Tuesday 3 November 2015

Review: Kyle Michael Porter – 'Dead Gods'

'Dead Gods'

Artist and producer Kyle Michael Porter's (The Walking Wounded) last outing 'NeoNoir', released earlier this year was a distinct dive into cyberpunk atmospheres and experimental electronics. But not one to be limited by genres, Porter's new EP 'Dead Gods' turns his attention to industrial-tinged alternative rock recalling the likes of The The, Pop Will Eat Itself, Muse, and the Young Gods in the process

Opening with 'Waste', Porter blends the emotional slant of Radiohead and Muse with gritty guitars and plenty of distortion to give it a far more savage edge that recalls 'NakedSelf' era The The with the grunge turned up. 'The Math' follows on nicely with its steady pace that shows of the guitars nicely and brings the industrial edge to the fore a little more and unleashing a damn addictive chorus.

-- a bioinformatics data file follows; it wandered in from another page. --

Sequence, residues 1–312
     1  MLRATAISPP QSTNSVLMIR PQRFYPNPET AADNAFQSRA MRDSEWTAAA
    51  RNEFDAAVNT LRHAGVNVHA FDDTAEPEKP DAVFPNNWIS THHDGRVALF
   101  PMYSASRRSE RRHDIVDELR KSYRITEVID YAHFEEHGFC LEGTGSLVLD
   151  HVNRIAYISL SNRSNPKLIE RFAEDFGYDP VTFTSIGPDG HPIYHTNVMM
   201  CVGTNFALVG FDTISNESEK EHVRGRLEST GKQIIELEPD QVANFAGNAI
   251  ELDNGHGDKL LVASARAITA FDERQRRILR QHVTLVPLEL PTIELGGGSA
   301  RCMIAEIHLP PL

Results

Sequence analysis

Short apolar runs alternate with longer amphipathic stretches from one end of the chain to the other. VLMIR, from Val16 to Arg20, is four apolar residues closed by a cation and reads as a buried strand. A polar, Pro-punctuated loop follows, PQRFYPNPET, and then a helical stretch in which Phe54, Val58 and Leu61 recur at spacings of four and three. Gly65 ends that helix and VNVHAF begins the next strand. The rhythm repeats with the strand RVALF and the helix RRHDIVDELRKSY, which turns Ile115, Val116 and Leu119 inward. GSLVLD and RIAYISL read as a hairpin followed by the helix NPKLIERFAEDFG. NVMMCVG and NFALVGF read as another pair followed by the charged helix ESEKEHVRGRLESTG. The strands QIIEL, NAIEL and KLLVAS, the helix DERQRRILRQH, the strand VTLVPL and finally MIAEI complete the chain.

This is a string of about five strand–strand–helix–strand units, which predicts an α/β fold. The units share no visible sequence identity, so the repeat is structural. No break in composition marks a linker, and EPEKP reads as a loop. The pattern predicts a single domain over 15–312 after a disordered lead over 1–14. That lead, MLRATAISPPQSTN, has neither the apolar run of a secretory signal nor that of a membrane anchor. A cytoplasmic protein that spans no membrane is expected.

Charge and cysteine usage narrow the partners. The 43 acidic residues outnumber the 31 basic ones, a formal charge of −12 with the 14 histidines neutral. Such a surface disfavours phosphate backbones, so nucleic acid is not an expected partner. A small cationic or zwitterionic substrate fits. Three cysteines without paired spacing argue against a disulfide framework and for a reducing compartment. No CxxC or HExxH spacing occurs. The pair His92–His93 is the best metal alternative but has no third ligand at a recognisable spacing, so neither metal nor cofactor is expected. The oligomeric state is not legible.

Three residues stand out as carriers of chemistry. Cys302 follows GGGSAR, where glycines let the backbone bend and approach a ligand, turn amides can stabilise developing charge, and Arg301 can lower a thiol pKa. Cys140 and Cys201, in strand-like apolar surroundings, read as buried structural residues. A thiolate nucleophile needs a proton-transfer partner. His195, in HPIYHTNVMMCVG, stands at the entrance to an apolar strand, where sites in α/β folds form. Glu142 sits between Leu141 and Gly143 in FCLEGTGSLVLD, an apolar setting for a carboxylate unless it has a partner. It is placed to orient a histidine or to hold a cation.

The title track 'Dead Gods' again has that savage emotion of The The crossed with the electronic and guitar flourishes of Pop Will Eat Itself that again puts the emphasis on the big chorus. 'After' has a really nice synth bass intro that almost swings into old school ebm territory before the new wave guitars and vocals hit to take things into a Young Gods direction. 'Monsters' finishes the EP off in nice way again recalling The The, PWEI and The Young Gods with it's gritty but accessibly new wave approach to song writing that drops just enough industrial electronics to give it atmosphere.

The production is top quality and while the songs have late 80s/early 90s influences running through, it remains fresh and modern by maintaining a deep and clear mix that shows off the substance of each track without relying on trying to get that “retro for the sake of it” sound.

This is another strong release from Kyle Michael Porter that shows off the depth and scope of his songwriting and production talents. The EP is approachable, catchy and keeps your attention from start to finish. The songs have a classic edge to them, but sound bang yup-to-date. It is a strong release that fans of the high tide era of alternative rock will find very easy to get into.  

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